46. Compare Ruth 3:9; Ezekiel 16:8. 47. The term “garment” comes six times in this paragraph, highlighting its importance to tbe story. There seem to be parallels between this story and the “attack on the bride” theme, in that when the woman’s sin is in danger of exposure, she Satanically blames the righteous man. The sexual roles are reversed, as is the identity of the deceiver. In a larger sense, however, all God’s people are the bride, and the seduction of Joseph to sin is equivalent to the seduction of the bride to infidelity.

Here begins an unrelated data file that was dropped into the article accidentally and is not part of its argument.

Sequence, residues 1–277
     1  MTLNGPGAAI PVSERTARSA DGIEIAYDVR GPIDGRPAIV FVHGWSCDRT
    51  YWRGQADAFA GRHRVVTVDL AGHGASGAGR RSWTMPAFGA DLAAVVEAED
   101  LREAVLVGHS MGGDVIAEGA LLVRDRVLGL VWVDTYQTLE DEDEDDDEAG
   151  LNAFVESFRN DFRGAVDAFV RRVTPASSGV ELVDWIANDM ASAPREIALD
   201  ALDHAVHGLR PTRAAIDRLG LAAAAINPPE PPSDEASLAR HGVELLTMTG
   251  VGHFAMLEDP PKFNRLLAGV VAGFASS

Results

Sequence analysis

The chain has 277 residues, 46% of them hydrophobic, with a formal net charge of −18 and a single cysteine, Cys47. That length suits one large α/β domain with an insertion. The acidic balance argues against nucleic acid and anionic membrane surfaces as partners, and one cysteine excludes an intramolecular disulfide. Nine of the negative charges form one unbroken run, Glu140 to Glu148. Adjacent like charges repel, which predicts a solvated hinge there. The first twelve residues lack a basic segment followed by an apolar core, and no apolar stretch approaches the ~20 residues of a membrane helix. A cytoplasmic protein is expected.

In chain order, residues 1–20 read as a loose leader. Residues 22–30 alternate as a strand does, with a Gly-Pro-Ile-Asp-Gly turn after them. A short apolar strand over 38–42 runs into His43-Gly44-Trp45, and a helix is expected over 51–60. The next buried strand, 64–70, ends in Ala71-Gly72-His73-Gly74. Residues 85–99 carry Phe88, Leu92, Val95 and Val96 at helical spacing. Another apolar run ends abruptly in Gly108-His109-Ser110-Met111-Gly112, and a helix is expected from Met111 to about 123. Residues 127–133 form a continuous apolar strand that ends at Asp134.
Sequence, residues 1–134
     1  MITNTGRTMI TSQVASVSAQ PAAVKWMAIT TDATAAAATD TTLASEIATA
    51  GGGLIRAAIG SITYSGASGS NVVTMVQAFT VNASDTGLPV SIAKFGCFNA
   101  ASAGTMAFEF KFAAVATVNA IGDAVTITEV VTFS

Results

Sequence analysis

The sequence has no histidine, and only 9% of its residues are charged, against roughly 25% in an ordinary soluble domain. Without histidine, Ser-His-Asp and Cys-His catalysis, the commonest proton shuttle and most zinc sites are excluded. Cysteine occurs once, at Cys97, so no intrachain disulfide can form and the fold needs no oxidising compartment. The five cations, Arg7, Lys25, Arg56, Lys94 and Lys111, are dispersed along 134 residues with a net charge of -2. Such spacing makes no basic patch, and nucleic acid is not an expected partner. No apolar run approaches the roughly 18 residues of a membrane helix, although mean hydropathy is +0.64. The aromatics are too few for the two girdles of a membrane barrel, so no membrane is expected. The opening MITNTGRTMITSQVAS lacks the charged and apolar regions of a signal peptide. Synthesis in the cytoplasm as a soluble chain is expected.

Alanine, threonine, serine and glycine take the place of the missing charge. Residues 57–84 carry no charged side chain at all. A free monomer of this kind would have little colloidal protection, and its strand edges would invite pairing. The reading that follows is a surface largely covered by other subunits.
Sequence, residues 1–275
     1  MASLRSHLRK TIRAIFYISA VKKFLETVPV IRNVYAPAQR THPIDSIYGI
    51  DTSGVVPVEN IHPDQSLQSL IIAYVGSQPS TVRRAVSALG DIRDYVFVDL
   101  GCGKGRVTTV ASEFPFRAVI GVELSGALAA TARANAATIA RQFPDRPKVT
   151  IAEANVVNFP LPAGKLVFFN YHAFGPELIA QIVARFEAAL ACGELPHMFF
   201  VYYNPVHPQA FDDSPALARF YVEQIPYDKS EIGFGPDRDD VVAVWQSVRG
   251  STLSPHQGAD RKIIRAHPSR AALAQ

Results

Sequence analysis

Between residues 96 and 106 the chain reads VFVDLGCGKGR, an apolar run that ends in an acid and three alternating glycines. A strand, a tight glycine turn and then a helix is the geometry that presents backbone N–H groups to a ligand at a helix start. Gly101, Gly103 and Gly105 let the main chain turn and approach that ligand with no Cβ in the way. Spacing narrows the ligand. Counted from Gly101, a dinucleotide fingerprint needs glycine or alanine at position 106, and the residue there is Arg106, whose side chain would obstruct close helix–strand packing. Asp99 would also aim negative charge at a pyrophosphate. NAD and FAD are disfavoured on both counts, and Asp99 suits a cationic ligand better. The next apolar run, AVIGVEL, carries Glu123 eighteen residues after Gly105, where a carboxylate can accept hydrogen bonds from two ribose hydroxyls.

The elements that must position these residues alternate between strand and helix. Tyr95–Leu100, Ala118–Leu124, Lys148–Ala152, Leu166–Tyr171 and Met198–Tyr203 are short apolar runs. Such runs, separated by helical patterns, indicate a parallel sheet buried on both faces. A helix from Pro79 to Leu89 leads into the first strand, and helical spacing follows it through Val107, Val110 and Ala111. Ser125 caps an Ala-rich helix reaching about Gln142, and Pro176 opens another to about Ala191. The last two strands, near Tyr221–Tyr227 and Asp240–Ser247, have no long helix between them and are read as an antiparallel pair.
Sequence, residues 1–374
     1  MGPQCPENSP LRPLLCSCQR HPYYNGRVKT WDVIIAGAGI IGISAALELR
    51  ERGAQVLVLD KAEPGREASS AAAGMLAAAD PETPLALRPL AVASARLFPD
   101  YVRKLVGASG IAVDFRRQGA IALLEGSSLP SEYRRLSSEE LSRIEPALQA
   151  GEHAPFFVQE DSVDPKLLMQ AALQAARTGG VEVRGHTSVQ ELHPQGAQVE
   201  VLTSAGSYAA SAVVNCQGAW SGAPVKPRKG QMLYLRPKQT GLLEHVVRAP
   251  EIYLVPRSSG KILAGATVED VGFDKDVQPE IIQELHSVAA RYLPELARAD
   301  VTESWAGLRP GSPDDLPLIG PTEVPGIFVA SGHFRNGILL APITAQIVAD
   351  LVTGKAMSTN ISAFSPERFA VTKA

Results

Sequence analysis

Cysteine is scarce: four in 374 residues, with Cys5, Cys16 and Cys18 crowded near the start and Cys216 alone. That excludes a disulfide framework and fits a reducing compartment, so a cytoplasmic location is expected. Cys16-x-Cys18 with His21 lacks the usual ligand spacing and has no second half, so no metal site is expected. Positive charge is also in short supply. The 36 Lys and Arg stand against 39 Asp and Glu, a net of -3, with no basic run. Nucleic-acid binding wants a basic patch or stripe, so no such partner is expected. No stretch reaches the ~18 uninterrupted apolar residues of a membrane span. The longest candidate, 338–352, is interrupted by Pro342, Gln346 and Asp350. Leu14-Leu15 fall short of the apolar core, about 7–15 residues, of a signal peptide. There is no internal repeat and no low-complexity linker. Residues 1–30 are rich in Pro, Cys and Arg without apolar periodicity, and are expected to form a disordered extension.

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not have been permanent and he would eventually have been put to death for it. The temptation before Joseph, thus, is analogous to the temptation before Adam and Ham, to seize power unlawfully. The vengeance of the wife of Potiphar landed Joseph in prison. There again, however, he ruled in life (39:20-23). Because of his effective and responsible service to those in charge, Joseph was soon put over the entire prison. He had the position of prisoner, but he was exercising dominion. From that position he could do much good. By being a good slave, Joseph acquired mastery. From prison Joseph was elevated to Pharaoh’s right hand. The narrative of Joseph’s prison experiences in Genesis 40 shows the means whereby he was enabled to rule in the midst of enslavement: He understood and applied the Word of God, which came to him in the form of dreams and to us in the form of Holy Scripture. Because he understood God’s principles whereby He rules the world, and because he was able to apply them accurately to the situation in which he found himself, Joseph proved of inestimable value to every master who employed him. In time he was exalted to second in command over all E~pt: “And Pharaoh said to Joseph, ‘You shall be over my house, and according to your mouth all my people shall kiss; only in the throne I will be greater than you. See I have set you over all the land of Egypt.’ And Pharaoh took off his signet ring from his hand and put it on Joseph’s hand, and clothed him in garments of fine linen, and put the gold necklace around his neck. And he had him ride in his second chariot; and they proclaimed before him, ‘Bow the knee .’ And he set him over all the land of Egypt. Moreover, Pharaoh said to Joseph, ‘I am Pharaoh; yet without your permission no one shall raise his hand or foot in all the land of Egypt’ “ (Gen. 41:40-44). From this position, Joseph was able to feed the entire world (41: 57). The story of Joseph illustrates patient faith and its reward. It ends the book of Genesis and brings its theme to a literary climax. We know that Joseph’s authority was temporary and not complete; we know that Christ’s now is both. But the story of Joseph shows us that the road to victory, dominion, mastery, and judicial authority, is through service, the humble service of a slave. Through service and suffering, God purges and destroys indwelling sin in the believer (not com-